Finally starting to get it: researchers at Northwestern University have published a report imploring policymakers to stop treating vaping and smoking as if they're the same thing. "'Cigarette' might appear in the term 'e-cigarette' but that is as far as their similarities extend," the report says. "Comparing cigarettes to e-cigarettes can give us a false sense of what dangers exist because it misses the gap in understanding how people use them and how they can make people dependent," writes author Matthew Olonoff, a Ph.D. student at Northwestern University Feinberg School of Medicine. "Before we start making policy changes, such as controlling nicotine or flavor options in e-cigarettes, we need to better understand what role these unique characteristics have." The paper evenhandedly goes on to suggest that in addition to vaping’s benefits, it is also likely to present unique problems, such as its appeal to teens, but that by lumping vapor research into the sphere of tobacco knowledge it becomes difficult to address each one's specific risk factors.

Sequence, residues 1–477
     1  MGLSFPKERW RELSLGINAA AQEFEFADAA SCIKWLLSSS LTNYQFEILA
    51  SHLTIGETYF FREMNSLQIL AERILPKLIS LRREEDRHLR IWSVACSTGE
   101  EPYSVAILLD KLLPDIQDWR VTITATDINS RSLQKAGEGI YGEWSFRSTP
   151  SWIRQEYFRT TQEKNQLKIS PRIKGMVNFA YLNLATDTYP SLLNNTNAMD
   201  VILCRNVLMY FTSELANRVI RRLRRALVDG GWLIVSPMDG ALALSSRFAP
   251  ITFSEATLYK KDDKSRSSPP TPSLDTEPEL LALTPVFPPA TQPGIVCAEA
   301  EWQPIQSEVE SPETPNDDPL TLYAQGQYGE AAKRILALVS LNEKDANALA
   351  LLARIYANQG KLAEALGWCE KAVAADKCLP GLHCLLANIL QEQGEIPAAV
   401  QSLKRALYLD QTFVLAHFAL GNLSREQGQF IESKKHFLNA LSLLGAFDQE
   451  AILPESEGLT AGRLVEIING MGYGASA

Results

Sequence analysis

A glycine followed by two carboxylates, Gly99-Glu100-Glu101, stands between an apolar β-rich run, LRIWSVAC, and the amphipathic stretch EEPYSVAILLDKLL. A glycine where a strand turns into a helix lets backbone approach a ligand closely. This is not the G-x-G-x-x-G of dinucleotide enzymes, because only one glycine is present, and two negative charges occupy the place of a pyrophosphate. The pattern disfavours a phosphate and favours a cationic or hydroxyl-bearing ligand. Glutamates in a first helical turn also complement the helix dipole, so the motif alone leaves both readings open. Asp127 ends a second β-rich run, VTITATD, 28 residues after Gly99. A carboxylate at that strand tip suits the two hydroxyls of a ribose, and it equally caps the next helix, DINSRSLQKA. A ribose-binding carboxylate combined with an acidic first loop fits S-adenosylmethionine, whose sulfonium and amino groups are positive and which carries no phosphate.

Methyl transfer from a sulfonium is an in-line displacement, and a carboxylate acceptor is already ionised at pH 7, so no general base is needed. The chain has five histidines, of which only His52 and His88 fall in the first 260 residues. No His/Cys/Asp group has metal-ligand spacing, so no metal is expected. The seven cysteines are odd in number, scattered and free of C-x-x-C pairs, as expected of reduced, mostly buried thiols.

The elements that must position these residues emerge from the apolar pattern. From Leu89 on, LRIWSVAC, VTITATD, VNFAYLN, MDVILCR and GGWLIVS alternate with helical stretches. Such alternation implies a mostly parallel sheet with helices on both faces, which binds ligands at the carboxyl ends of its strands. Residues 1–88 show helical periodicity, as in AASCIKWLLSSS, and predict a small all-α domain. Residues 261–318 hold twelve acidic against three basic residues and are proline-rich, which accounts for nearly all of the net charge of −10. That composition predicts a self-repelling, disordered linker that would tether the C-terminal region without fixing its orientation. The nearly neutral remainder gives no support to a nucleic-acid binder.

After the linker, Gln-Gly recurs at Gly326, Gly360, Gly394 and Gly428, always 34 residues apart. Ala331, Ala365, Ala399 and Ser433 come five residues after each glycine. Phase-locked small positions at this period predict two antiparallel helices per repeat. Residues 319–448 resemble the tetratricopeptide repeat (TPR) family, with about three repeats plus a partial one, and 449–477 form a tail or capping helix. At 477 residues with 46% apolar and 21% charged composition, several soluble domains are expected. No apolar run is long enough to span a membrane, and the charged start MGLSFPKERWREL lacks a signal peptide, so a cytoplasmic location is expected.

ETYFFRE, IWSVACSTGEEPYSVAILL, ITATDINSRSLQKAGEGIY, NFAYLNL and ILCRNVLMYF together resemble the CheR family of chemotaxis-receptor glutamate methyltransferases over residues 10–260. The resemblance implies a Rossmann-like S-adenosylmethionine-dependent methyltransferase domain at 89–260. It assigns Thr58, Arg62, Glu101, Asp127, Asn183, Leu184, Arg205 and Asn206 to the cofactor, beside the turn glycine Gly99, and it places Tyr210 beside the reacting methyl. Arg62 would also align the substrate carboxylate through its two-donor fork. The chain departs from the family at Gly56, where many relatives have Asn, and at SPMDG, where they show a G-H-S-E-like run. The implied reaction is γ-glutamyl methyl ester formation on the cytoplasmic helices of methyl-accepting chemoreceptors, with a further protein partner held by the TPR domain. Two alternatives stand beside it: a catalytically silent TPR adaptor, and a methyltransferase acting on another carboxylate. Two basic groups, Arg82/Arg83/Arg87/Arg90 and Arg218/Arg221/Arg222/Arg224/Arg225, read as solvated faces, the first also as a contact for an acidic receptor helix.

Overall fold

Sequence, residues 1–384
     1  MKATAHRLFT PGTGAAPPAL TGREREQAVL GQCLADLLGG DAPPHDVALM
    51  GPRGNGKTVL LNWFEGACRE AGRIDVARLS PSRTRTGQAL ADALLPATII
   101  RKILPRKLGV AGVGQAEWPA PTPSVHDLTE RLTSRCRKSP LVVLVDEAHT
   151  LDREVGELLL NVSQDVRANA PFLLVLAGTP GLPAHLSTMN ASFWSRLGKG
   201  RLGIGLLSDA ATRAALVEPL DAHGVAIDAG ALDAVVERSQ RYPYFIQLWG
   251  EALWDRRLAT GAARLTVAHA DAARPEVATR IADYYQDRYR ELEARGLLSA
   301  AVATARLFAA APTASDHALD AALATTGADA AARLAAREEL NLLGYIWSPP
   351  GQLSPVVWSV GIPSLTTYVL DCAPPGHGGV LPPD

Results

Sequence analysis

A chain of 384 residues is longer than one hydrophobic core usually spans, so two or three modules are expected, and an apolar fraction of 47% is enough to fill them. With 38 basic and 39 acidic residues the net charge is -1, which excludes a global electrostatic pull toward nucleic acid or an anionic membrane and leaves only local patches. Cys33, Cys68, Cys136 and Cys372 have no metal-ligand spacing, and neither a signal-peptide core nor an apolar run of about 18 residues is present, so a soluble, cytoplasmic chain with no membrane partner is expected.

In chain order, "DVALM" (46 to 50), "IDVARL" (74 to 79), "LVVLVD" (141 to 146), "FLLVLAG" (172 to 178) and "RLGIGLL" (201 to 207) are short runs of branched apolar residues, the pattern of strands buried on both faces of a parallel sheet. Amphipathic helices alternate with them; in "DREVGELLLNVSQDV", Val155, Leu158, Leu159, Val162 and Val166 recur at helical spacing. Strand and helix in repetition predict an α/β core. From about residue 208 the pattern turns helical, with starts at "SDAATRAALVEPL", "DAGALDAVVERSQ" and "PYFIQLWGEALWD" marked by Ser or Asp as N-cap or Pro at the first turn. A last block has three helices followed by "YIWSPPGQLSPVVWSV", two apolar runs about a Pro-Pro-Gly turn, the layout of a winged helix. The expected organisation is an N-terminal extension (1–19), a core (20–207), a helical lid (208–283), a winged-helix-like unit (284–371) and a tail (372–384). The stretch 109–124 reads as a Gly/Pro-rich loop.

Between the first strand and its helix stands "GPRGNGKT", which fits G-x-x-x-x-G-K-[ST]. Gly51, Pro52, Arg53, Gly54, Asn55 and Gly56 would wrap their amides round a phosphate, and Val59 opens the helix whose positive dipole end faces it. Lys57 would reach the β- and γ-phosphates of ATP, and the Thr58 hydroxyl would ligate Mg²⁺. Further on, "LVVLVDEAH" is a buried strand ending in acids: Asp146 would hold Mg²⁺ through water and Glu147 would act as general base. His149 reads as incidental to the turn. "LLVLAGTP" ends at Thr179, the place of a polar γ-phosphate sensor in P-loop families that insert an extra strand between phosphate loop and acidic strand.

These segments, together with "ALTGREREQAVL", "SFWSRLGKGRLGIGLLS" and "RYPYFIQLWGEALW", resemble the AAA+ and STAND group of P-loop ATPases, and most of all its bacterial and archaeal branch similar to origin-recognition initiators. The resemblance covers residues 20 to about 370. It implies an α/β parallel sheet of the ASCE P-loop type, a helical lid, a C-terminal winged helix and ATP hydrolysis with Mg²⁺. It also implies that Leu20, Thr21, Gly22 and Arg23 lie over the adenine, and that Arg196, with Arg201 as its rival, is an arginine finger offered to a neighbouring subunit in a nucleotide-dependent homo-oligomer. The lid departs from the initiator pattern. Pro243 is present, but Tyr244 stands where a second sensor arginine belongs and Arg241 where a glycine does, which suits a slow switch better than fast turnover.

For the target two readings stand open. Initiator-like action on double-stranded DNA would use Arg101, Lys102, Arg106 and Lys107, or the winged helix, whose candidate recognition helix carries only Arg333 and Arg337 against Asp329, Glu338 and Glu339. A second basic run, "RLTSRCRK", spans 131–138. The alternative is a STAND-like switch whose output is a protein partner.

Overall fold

e-liquid science research

Doth the bell toll for the e-liquid industry? Recent findings out of Yale University suggest that, given the choice between zero nicotine flavored vapes and unflavored vaporizers that contain nicotine, youth are more likely to prefer flavor to nicotine. Another study cited in the link above finds that 75 percent of underaged vapers say they'd quit if flavored e-liquids were banned. As stories like this one pile up at an avalanche pace, the FDA continues to threaten adult vapers' ability to choose flavored products, and Congress considers a bipartisan bill that would ban flavored e-liquid. If you're of the prepper mindset, we'll note here that liquids kept in a cool, dark storage site have a shelf life of up to a year, double that if buried at the bottom of a chest freezer…

 

Harvard E-Liquid Research